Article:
Linear Regression:
Interpretation


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The Regression equation
Testing Individual Coefficients
Testing the Overall Equation

The regression equation
The object of a regression problem is to estimate the coefficients bi in the regression equation:

Y = b0 + b1X1b2X2b3X3 + . . . + e
The equation above is the true relationship between Y and the Xs.  When we have estimates of the model, the estimated equation is denoted by

Y = b0 + b1X1 +  b2X2 +  b3X3 + . . . + e

When we have estimates bi, we can plug values for the Xi into the equation and predict the value of Y that would be associated with those values of the Xi.

Testing individual coefficients
Once we have this equation, we can test whether the X variables belong in the equation--that is, whether they really contribute to explaining the changes in Y.  If an X does not affect Y, its coefficient would be zero.  For example, if b2 = 0 then the equation above would be

Y = b0 + b1X1 +  0X2b3X3 + e
or
Y = b0 + b1X1b3X3 + e

To test whether a bi is really equal to zero, we use the t test for the estimated coefficient.  Large values of t, or small p values indicate that there is a relationship between that X and Y.

Testing the Overall Relationship
The strength of the overall relationship is measured by R² (called the coefficient of determination).  It measures the fraction of the total variation in the Y variable that can be explained by the variation in the X variables.  It has a value of 1.00 if all of the data points in the graph lie exactly on a straigth line--indicating that all of the variation in Y can be accounted for by the variation in the X variables.  It has a value of zero if there is no relationship between any of the X variables and the Y variable.  The two graphs below show the results of two regressions and their R²s.  (SEE stands for Standard Error of Estimate and in this context it measures the variation of the data points away from the regression line.)  Note that in the first regression, the data points lie close to the regression line and R² is large.  This reflects the fact that most of the variation of Y (from 13 through 23) is due to the fact that X changes (from 4 through 10).  The second graph shows more variation ("deviation") away from the regression line.  The changes in X predict the same changes in Y (the predicted values of Y are 13, 16, 19, 22), but now there is an extra source of variation in Y, so a smaller fraction of the total variation in Y can be explained by X.  Thus, the R² is smaller in the second graph.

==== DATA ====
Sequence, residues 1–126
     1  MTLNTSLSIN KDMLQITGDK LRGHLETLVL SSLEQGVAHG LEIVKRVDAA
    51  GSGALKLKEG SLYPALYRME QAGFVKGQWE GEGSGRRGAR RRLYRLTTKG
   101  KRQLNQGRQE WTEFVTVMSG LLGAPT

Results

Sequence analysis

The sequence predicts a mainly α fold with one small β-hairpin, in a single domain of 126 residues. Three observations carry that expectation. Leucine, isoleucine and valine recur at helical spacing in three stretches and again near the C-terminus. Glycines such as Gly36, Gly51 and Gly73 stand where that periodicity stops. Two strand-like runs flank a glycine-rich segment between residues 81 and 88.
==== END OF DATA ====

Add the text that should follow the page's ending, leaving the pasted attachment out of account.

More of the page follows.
To test the overall regression equation, we use the F statistic.  Usually, if any of the t statistics show that a coefficient is significantly different from zero, then the F will be large.  The null hypothesis is that none of the variables helps to explain the value of Y.
 



 

last updated March 21, 2001, by James R. Frederick
Copyright 2001 James R. Frederick